by Seth Marguiles, DDS

A new orthodontist chats about opening his first practice

Orthodontic Products: Tell me your history: where did you go to school, and when did you start your practice?

Seth Marguiles, DDS: I went to the NYU College of Dentistry Orthodontics department for my residency program. I graduated in August 2008 and opened up my practice in October 25, 2008.

OP: What was the first thing you did after deciding to open your own practice?

SM: I found a location where I wanted to open up: Perth Amboy, New Jersey.

OP: What kind of research did you do to decide on that location?

Seth Marguiles, DDS

SM: I did a little bit of demographic research. There was a company that actually did it for me, OrthoSynetics. I did not end up signing a contract with them, but part of the courting period was that they would do a demographic search for me. The nice things about the area were [that there were] no other full-time orthodontists in the city, there are 50,000 people, and the city is going through a gentrification period. So it was getting better, not worse.

OP: So you chose the area in which you wanted to set up your practice and then you went looking for real estate?

SM: Before I really started looking at real estate, I made sure that I had the availability for financing lined up. After that I started looking for real estate.

OP: And how was the shopping process looking for financing?

SM: Well, there are several companies that market directly to dental and dental specialties practices. I reviewed what each one had to offer. Based on ease of use and the people who I was working with I chose to use Henry Schein Financial to help me find a loan. And they connected me with ChoiceHealth.

OP: What did Henry Schein offer as opposed to other companies that made you go that way?

SM: I felt like there was someone negotiating on my behalf, as opposed to me doing all the talking. They coordinate the financing.

OP: How did you choose exactly where your practice would be located?

SM: I looked at a few places. I looked at some retail spaces and I looked at some office building spaces, and I just looked for a place where I could see myself for the next 5 years.

OP: What type of space did you end up renting?

SM: I am in a professional office building.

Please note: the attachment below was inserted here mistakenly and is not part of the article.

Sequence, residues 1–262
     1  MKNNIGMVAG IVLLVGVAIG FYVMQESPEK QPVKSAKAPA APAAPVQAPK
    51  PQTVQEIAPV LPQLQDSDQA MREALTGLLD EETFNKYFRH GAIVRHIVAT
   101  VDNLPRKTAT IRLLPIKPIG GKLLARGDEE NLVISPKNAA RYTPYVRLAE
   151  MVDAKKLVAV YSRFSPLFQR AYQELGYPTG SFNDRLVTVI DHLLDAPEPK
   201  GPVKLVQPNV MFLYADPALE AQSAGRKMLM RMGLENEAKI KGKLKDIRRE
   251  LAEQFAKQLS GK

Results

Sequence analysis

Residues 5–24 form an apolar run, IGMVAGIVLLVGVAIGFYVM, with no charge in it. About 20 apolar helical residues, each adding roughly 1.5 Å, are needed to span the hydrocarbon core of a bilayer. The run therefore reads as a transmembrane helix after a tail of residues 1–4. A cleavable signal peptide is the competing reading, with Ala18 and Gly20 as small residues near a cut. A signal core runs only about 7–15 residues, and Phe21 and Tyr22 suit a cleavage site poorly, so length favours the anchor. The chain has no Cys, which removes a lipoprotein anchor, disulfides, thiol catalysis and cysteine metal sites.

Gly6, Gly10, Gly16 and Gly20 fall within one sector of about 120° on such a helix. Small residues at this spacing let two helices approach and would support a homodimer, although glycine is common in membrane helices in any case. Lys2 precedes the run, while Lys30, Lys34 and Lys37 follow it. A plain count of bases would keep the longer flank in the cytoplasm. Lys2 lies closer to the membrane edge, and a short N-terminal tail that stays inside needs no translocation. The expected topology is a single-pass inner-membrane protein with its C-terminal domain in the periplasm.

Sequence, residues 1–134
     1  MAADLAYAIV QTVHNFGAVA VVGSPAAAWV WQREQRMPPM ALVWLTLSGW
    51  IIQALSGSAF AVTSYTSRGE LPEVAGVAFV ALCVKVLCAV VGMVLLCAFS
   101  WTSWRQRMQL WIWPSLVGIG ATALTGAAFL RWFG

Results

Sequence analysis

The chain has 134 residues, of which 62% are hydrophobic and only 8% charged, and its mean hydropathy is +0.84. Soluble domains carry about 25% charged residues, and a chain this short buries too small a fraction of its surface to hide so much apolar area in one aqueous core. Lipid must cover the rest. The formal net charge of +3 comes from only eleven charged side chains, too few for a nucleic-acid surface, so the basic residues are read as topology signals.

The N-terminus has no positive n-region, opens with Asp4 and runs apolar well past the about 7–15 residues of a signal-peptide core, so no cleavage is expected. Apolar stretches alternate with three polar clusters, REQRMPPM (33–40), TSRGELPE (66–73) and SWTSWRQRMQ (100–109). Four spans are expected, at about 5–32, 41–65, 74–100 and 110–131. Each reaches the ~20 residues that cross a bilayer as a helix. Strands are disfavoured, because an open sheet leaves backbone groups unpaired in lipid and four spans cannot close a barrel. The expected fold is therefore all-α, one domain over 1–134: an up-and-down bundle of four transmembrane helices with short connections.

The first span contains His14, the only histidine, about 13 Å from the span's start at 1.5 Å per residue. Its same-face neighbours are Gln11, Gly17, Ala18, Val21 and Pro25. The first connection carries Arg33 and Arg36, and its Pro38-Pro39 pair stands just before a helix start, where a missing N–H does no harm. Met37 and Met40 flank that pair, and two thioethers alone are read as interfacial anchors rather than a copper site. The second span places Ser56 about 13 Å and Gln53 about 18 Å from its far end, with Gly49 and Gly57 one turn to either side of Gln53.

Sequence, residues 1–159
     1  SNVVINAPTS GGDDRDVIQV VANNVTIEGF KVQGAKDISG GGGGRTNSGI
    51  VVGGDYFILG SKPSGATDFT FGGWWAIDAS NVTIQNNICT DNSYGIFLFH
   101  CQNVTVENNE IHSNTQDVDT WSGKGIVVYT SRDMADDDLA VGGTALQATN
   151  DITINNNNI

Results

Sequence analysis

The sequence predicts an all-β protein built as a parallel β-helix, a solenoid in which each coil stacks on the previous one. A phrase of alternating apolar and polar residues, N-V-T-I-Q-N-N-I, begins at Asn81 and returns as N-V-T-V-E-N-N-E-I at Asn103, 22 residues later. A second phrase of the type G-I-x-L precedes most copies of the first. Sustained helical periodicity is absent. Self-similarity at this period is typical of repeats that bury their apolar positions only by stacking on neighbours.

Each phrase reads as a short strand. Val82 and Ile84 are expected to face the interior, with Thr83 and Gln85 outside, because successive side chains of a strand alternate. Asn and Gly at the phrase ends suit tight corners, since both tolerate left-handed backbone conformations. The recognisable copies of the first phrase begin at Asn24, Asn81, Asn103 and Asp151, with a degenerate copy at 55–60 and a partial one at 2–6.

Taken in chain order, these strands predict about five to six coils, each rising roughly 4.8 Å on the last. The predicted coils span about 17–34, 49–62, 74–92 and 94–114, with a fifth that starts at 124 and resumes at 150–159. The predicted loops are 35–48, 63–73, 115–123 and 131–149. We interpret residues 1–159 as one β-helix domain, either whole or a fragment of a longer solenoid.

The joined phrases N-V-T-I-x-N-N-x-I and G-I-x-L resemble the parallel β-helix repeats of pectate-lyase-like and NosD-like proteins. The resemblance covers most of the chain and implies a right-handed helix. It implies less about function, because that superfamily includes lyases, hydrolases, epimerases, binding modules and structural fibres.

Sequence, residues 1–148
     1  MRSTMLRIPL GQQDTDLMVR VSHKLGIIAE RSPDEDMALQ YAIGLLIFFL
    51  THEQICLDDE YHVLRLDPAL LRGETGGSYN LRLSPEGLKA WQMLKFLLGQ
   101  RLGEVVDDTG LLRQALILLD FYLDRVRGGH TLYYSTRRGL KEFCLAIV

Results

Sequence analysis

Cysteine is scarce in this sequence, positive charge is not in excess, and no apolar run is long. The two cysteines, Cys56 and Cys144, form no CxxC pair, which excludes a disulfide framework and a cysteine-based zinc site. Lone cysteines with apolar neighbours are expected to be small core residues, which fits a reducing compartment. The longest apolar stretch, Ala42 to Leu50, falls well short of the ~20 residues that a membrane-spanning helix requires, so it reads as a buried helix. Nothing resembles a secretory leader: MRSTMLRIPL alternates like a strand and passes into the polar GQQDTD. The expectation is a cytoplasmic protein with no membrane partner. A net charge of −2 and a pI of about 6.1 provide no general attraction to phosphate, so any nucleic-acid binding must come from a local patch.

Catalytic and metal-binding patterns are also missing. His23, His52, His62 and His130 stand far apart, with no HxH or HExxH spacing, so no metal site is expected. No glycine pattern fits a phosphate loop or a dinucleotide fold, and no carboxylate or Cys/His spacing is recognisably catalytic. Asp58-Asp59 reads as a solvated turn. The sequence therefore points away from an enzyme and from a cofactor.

OP: What was the move-in process like? How much building and adding was done?

SM: I had a space analysis done by Ross Orthodontics. They basically evaluated my space. And then Henry Schein designed the spaces and Ross kind of drew it out. And then I had my architect finish up the plans. After that I went to five or six contractors to find out how much it would cost. I selected my contractor, and then I started construction in September.

OP: So you had Ross do a space analysis, and then Henry Schein did some of the planning, and then you had an architect. Why did you choose that path as opposed to getting a specialty architect?

SM: I was trying to control my cost. So everything I did was to control cost. Ross had a very good “new grad” deal to do the space analysis. Henry Schein does design and draws in the mechanical for free if you spend a certain amount with them, and I was already going to be using them for my equipment anyway. So basically, that was free. And my architect, if I gave him the raw material it was a lot easier for him, so he didn’t charge me as much. The way I see it, if you go to a specialist who does a lot of this stuff—yes, they do it well and everything up to paint colors they come up with, but you spend a lot more money on that service.

OP: Is the office themed in any way? Or is it just a standard orthodontic office?

SM: It is a fairly standard orthodontic office. It is brightly colored; it has an open bay and a private consultation room, a lab, a sterilization area. The one area where I gave up a little is that I don’t have a private office. But hopefully I’m not sitting in a private office too long anyway.

OP: And how many chairs total?

SM: Five chairs.

OP: So you have your space, and then I guess your next step is staff?

SM: Well, staff is another issue entirely—we’re still working on that one. I have one person answering a phone, a family member, there 4 days a week. And he’s my only staff at the moment.

OP: And are you hoping to change from that?

SM: Well, yes, eventually I am hoping to change it. But I’d like to get some patients started before I really start hiring people. Equalize my revenue stream to my output.

OP: How many starts have you had since opening?

SM: Since opening October 25, I’ve had about eight starts.

OP: Do you have a goal for what you’d like your production to be a couple of years down the line?

SM: So far I have several consults lined up, and this year I’d like to start 50 to 80 patients.

OP: What planning has gone into that number?

SM: That number will equalize my revenues to my cost and allow me to continue at 1 to 2 days in my office per week. This number of patients will allow me to continue at that.

OP: And where else are you working?

SM: I work at four other orthodontic offices in New Jersey.

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OP: Have other issues come up in the process of opening your own practice that you didn’t think of?

SM: No, not really. I think you just have to be prepared and ask a lot of questions. Persevere. If you don’t get the right answer, look somewhere else.

Seth Marguiles, DDS, is in private practice in Perth Amboy, NJ. He can be reached at References

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